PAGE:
Originally posted September 7, 2018
Here is an excerpt:
This is Nike’s second reason to be confident: drill down into this week’s polls and they show that support for Nike and Kaepernick is strongest among millennial or Gen-Z, African-American, liberal urbanites — the group Nike targets. The company’s biggest risk is becoming “mainstream, the usual, everywhere, tamed”, Prof Lee says. Courting controversy forces its most dedicated fans to defend it and catches the eye of more neutral consumers.
Finally, Nike will have been encouraged by studies showing that consumers reward brands for speaking up on divisive social issues. But it is doing something more novel and calculated than other multinationals that have weighed in on immigration, gun control or race: it did not stumble into this controversy; it sought it.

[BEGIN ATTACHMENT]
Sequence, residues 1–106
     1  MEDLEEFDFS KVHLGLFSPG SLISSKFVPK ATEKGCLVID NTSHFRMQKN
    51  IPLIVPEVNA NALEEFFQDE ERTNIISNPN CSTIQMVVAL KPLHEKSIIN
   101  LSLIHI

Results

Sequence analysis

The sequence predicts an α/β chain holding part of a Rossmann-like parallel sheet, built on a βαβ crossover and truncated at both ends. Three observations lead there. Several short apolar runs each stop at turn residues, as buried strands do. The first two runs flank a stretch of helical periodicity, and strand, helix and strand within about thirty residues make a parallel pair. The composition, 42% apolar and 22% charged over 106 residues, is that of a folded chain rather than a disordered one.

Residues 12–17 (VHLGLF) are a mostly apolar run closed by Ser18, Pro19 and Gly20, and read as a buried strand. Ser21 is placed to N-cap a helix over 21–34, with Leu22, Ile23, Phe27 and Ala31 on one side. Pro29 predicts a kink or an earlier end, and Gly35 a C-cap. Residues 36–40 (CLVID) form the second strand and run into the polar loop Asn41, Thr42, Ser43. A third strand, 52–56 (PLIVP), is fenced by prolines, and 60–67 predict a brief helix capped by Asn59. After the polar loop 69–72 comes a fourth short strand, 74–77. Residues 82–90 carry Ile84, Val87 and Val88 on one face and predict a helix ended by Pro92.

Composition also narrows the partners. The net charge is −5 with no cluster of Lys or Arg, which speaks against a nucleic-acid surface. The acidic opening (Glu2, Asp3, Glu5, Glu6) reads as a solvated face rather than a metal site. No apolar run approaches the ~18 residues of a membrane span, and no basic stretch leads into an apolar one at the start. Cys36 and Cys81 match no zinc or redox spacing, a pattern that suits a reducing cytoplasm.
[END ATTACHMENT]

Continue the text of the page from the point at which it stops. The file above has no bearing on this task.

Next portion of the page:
A polarised populace is a fact of life for brands, in the US and beyond. That leaves them with a choice: try to carry on catering to a vanishing mass-market middle ground, or stake out a position that will infuriate one side but excite the other. The latter strategy has worked for politicians such as Mr Trump. Unlike elected officials, a brand can win with far less than 50.1 per cent of the population behind it. (Nike chief executive Mark Parker told investors last year that it was looking to just 12 global cities to drive 80 per cent of its growth.)
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